Thursday, July 22, 2010

The Soulful Norm Burns

This week's posting is quite late, due to a brief vacation and some computer problems. I'll get back on schedule with another post within three days, and will be posting a full Song-Poem album to WFMU soon.

Today, a record which caught me off guard, "Since You Came Into My Life" by Norm Burns and the Five Stars. I would describe this as Norm Burns (completely failed) attempt to provide the customer with some early '70's soul music. I definitely hear elements of that Philly Soul (one of my least favorite genres, to be honest) here, as well as other soulful sounds of the era. The results, particularly Norm's painfully uncomfortable vocal - possibly the worst I've ever heard from him - are fairly bizarre, and not what I expected to hear on a Sterling record. See what you think:

The flip side, "What Kind of Fool Do You Think I Am?", is a much more typical example of the run-of-the-mill bland side of the Norm Burns experience, nowhere near the highs of his best ("Darling, Don't Put Your Hands On Me" and "The Human Breakdown of Absurdity" come to mind) or his most amazingly bad (see above). Oddly, this side is attributed to Norm, not with the Five Stars of the flip, but with Sterling's other identified band, "The Satellites". Since I suspect these were both the same band, I find the differing billing sort of interesting:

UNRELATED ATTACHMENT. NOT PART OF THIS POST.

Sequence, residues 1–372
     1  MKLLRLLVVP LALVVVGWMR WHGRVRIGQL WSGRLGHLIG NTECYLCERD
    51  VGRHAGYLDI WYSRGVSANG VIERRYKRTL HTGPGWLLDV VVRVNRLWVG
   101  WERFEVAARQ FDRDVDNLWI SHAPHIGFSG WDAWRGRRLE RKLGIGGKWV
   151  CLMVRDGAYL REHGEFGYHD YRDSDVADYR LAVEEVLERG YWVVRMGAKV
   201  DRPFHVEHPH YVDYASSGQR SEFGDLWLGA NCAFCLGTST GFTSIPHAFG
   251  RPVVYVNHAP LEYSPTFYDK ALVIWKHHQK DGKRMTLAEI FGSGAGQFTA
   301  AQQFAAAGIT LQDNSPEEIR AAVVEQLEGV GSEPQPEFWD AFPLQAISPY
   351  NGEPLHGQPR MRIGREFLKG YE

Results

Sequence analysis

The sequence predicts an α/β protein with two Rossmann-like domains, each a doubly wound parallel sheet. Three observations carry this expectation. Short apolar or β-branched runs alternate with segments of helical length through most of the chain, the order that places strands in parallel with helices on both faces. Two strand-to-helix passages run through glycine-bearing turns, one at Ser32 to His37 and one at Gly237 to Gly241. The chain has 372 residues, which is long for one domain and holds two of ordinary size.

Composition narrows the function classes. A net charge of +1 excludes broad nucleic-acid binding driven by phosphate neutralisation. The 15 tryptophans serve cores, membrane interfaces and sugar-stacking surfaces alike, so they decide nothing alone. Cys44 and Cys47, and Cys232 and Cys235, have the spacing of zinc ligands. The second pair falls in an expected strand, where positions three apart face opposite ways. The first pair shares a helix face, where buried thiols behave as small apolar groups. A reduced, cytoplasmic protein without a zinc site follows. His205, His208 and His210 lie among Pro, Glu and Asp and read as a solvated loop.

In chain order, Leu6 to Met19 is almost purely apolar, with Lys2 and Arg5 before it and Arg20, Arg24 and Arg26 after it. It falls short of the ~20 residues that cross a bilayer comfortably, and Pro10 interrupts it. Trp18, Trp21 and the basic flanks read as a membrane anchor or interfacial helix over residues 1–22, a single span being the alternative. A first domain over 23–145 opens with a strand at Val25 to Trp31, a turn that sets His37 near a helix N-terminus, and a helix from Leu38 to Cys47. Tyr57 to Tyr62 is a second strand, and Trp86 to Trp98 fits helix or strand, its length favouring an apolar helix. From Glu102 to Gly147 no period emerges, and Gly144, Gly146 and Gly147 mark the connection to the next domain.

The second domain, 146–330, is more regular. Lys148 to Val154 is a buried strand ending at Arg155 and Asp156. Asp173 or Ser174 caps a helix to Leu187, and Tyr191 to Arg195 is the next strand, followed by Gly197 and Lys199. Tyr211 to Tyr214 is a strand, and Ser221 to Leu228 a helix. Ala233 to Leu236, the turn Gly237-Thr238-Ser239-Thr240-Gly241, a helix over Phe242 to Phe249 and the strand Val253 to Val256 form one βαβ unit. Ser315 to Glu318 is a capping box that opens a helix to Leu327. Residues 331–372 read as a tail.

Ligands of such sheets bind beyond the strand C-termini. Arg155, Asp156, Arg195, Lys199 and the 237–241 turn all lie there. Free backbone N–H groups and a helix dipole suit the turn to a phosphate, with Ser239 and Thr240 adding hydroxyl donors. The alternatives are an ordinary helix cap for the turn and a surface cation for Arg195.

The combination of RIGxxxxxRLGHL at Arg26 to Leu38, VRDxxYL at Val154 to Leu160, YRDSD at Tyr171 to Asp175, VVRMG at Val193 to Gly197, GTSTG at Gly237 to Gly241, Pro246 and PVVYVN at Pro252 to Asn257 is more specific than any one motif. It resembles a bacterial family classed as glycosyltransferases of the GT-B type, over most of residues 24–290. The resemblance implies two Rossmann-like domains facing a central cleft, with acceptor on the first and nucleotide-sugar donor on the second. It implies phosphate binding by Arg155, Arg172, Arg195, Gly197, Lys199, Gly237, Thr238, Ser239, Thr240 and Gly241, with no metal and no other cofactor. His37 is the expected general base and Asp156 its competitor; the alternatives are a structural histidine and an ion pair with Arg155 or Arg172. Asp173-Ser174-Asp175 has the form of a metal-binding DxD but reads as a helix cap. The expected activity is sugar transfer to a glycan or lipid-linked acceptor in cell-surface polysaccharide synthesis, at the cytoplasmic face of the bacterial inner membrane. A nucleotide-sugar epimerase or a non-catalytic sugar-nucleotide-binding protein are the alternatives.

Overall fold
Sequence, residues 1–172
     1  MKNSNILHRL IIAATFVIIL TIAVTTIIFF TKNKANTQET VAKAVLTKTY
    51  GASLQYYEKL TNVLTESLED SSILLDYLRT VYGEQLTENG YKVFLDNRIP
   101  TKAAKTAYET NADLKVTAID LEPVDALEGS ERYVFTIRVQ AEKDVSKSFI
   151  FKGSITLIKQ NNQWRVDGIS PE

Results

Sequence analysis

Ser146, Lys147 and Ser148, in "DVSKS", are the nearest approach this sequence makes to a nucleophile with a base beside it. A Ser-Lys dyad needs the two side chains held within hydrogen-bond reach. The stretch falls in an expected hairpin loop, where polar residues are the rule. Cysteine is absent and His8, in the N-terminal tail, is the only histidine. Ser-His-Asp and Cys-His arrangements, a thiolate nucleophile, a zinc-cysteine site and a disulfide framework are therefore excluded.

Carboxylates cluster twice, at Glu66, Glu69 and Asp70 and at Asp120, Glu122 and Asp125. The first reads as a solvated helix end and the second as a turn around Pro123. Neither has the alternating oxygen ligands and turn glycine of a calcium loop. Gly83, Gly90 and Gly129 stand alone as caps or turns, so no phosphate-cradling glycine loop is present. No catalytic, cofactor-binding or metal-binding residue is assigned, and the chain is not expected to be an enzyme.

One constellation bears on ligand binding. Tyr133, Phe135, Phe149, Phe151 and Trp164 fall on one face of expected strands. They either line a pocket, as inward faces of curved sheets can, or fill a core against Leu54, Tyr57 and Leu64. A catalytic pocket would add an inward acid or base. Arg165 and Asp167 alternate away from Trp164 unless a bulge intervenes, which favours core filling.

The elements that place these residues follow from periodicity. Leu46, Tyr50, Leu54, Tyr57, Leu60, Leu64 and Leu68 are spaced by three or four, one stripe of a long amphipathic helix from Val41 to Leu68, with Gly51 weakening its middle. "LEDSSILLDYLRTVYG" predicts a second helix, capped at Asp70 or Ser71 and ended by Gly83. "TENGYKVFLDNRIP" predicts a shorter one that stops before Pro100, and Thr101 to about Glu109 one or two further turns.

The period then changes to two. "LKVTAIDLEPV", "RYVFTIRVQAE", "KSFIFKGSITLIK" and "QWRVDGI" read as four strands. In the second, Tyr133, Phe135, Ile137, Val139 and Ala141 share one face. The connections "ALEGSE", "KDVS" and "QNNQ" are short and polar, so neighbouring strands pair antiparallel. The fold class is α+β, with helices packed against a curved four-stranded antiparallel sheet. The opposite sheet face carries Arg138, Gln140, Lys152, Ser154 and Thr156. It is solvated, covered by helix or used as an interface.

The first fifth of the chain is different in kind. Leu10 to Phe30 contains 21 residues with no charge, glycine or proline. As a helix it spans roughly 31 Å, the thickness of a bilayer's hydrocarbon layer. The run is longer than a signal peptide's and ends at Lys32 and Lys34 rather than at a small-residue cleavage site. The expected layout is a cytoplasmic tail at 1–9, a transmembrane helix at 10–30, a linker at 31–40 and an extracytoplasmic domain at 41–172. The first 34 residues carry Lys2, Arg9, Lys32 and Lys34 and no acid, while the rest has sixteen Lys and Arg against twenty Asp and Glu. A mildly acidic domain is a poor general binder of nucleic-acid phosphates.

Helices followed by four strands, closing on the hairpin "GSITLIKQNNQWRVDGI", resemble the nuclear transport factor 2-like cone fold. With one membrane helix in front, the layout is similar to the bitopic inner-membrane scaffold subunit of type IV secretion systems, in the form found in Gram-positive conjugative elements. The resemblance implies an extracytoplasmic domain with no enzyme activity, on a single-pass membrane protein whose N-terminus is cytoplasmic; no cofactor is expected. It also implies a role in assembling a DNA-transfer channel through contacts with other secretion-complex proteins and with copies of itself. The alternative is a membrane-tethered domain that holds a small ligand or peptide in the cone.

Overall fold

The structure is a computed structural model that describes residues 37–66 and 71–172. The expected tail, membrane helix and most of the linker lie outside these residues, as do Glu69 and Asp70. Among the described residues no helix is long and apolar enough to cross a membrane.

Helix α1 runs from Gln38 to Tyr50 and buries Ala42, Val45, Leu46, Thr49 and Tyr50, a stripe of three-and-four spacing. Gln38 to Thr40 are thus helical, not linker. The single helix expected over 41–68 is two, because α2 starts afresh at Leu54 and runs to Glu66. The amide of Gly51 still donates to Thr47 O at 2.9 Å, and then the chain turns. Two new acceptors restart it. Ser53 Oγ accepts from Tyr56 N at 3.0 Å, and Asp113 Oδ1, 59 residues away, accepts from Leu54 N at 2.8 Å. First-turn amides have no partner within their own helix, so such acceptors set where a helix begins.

1 comment:

Anonymous said...

I recently acquired Norm Burns performing TENNESSEE BLUES b/w A SAIL BOAT IN THE MOONLIGHT WITH YOU on STERLING RECORDS 451. I don't have a player and have not been able to listen to it, but after listening to your post, I can only say he is awful.